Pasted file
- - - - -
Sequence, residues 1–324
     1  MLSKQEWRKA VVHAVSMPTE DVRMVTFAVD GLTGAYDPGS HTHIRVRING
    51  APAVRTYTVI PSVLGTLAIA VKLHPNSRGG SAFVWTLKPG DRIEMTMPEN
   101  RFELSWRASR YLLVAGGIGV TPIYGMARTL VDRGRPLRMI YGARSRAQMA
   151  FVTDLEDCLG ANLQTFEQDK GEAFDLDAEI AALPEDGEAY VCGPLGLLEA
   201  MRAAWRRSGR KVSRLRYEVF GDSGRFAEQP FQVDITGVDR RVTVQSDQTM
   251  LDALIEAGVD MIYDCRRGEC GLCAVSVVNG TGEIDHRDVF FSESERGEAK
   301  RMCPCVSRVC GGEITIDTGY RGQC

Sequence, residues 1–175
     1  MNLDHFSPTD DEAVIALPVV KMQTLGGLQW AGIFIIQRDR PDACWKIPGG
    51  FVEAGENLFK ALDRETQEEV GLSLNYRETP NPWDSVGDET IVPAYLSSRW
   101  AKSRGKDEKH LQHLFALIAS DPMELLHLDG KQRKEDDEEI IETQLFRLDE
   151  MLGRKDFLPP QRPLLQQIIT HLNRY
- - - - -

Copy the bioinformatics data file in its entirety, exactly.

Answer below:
Sequence, residues 1–324
     1  MLSKQEWRKA VVHAVSMPTE DVRMVTFAVD GLTGAYDPGS HTHIRVRING
    51  APAVRTYTVI PSVLGTLAIA VKLHPNSRGG SAFVWTLKPG DRIEMTMPEN
   101  RFELSWRASR YLLVAGGIGV TPIYGMARTL VDRGRPLRMI YGARSRAQMA
   151  FVTDLEDCLG ANLQTFEQDK GEAFDLDAEI AALPEDGEAY VCGPLGLLEA
   201  MRAAWRRSGR KVSRLRYEVF GDSGRFAEQP FQVDITGVDR RVTVQSDQTM
   251  LDALIEAGVD MIYDCRRGEC GLCAVSVVNG TGEIDHRDVF FSESERGEAK
   301  RMCPCVSRVC GGEITIDTGY RGQC

Sequence, residues 1–175
     1  MNLDHFSPTD DEAVIALPVV KMQTLGGLQW AGIFIIQRDR PDACWKIPGG
    51  FVEAGENLFK ALDRETQEEV GLSLNYRETP NPWDSVGDET IVPAYLSSRW
   101  AKSRGKDEKH LQHLFALIAS DPMELLHLDG KQRKEDDEEI IETQLFRLDE
   151  MLGRKDFLPP QRPLLQQIIT HLNRY